Chikumbuso’s sponsored 5th graders had a great year thanks to the donations we received and the books and school supplies we were able to purchase. Teacher Andrew’s class of 2010 has a remarkable number of young boys and girls eager to move on to the 6th grade and this year, we plan to make it possible for every one of them by opening our own 6th grade classroom.
Providing an education for children in Ng’ombe compound has been a passion. Education means that these children will have exponential opportunities to get out of poverty and into jobs. Our students command of English is very good. Not just because we have excellent English teachers, but also because of the many English speaking volunteers and visitors. Zambia has many languages, but English is the official one used by government and business. Our students can be proud that they stand competitively with their peers in government schools.
I sat down with one of our continuing students, Christine Tembo, to find out just how Chikumbuso’s Community School has prepared her to further her education. Christine came to meet me dressed in her school uniform, smiling a big smile. We sat on the couch and she told me that she has been at Chikumbuso since it began five years ago.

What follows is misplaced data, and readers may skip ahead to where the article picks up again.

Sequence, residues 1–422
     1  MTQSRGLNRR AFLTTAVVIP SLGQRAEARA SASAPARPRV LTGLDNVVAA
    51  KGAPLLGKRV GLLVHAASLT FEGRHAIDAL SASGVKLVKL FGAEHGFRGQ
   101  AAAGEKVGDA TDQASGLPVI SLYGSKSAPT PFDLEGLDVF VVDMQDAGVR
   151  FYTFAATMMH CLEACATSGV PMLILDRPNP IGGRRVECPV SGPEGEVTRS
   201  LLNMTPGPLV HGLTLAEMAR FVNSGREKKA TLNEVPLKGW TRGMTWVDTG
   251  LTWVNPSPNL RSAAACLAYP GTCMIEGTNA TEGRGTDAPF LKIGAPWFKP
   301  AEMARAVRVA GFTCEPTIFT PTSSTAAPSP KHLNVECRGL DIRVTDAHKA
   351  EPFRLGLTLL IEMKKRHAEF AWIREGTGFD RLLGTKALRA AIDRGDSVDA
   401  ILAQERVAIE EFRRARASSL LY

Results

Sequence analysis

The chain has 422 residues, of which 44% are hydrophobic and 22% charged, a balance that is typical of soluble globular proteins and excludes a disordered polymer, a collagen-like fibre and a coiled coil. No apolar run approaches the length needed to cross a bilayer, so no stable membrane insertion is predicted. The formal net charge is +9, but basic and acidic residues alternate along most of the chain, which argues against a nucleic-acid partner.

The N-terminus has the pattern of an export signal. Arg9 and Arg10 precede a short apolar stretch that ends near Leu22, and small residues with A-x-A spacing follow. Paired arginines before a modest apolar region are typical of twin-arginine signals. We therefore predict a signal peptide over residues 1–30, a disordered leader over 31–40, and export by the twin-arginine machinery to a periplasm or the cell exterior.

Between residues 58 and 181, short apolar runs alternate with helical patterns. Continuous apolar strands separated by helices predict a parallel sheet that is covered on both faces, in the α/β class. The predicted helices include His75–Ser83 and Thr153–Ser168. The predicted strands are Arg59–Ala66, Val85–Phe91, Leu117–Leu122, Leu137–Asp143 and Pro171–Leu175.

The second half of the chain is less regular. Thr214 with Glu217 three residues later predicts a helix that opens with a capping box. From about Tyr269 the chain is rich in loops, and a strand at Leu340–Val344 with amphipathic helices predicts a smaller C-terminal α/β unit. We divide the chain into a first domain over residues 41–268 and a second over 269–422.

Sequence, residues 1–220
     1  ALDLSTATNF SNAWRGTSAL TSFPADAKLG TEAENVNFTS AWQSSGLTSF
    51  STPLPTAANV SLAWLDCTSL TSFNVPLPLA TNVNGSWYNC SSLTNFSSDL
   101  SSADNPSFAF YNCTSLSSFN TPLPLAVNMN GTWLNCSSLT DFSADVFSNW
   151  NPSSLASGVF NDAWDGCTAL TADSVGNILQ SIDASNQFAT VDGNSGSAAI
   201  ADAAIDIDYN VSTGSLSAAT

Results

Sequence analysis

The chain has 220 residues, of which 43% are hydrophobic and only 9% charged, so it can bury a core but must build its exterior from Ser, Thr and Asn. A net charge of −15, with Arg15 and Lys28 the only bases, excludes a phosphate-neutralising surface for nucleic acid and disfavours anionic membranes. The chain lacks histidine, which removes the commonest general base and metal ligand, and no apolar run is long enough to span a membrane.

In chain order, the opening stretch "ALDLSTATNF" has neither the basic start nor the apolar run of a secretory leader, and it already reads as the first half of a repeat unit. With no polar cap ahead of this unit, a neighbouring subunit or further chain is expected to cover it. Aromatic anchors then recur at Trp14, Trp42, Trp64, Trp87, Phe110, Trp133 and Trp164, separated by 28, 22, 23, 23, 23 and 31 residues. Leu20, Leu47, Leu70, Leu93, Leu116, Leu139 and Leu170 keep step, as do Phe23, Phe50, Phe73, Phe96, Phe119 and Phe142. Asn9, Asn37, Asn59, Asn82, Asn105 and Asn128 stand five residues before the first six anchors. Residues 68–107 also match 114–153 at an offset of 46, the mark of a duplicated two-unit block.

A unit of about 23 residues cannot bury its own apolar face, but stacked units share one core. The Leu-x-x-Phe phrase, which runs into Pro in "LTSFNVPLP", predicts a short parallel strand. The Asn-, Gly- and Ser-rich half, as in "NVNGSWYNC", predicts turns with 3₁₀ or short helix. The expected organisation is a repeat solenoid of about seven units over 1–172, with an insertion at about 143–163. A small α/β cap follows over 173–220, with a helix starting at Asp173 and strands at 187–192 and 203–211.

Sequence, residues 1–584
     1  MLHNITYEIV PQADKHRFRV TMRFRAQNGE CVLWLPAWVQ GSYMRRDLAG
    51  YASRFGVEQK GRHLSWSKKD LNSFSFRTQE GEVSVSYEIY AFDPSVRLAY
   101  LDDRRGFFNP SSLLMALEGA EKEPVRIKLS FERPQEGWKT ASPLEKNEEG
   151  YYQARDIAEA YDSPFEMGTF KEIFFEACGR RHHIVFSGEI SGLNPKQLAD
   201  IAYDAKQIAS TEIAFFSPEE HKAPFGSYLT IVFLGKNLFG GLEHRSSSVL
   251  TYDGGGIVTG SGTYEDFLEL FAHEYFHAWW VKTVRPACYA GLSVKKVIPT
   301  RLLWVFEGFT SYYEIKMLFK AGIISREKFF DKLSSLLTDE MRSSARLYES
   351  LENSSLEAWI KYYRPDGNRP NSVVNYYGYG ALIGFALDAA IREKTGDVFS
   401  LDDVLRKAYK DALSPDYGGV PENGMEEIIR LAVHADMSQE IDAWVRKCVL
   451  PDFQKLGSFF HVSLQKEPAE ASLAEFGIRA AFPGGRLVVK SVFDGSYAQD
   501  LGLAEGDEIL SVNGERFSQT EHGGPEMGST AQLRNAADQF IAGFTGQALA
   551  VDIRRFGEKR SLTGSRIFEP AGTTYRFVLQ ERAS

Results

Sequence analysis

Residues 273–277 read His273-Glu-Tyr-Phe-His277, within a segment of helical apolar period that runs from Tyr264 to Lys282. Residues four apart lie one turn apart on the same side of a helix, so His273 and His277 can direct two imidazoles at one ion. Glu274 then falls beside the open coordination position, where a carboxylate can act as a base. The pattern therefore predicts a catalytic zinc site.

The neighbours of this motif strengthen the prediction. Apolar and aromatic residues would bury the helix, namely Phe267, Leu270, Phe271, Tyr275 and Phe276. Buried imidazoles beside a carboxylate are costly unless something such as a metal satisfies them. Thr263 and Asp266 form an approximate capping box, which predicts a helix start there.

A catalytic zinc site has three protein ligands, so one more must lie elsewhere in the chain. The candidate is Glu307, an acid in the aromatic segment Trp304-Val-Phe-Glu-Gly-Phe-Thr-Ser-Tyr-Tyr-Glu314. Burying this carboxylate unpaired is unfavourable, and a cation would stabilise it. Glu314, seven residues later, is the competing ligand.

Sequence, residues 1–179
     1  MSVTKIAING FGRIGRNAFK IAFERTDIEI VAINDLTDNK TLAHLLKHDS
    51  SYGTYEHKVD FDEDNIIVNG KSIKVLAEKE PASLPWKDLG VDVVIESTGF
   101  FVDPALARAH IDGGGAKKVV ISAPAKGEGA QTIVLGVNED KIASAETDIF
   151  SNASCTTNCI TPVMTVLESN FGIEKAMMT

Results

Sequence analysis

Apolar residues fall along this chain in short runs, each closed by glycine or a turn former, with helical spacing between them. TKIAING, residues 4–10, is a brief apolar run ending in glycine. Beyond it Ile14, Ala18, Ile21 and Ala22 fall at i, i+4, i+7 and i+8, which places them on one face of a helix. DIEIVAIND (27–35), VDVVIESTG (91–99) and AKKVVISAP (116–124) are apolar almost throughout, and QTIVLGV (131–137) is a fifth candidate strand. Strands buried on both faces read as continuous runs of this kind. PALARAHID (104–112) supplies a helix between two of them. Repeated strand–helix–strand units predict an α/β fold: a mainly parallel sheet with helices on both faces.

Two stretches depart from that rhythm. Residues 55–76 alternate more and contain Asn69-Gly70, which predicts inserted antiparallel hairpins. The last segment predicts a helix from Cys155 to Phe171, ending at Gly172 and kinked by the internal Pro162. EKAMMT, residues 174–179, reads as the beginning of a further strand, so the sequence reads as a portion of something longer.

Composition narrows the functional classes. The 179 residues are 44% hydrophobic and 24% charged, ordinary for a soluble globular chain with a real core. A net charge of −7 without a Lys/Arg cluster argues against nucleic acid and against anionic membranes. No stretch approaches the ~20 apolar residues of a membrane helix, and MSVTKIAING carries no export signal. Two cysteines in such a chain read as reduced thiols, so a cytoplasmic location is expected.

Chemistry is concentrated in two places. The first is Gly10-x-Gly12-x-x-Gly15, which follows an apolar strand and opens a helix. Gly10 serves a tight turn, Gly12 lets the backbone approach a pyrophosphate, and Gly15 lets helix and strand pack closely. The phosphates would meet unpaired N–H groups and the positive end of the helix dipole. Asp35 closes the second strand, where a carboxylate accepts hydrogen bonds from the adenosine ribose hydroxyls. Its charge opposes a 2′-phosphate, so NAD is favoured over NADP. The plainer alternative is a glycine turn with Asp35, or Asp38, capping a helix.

“Wow, so what grade did you start in, Christine?” I ask.
“Oh, I started in grade 1,” she responds.
“So, you’ll be going into our new 6th grade then? That’s wonderful,” I say.
“No, no, I’m going into high school in January. I’m writing my exams next week and I am sure I will do well,” Christine confides.
You see, Christine was older than most 1st graders that we would encounter in the States. Children in the compound that can’t afford to go to school, don’t. Period. That is unless they are fortunate enough to come to somewhere like Chikumbuso.
The wonderful and extraordinary thing about Christine is that in five years she has managed to put eight years of schooling under her belt. And, as she said, “I am sure I’ll do well on my exams.”
Her favorite subjects are civics and science and she wants to be a nurse.
I’m very excited about Christine and what she will become. I also tremble a bit when I go through the compound and realize how different her life could have been. One without a hope for the future.
Thank you, dear sponsors, for making Christine’s hope one that is not futile!
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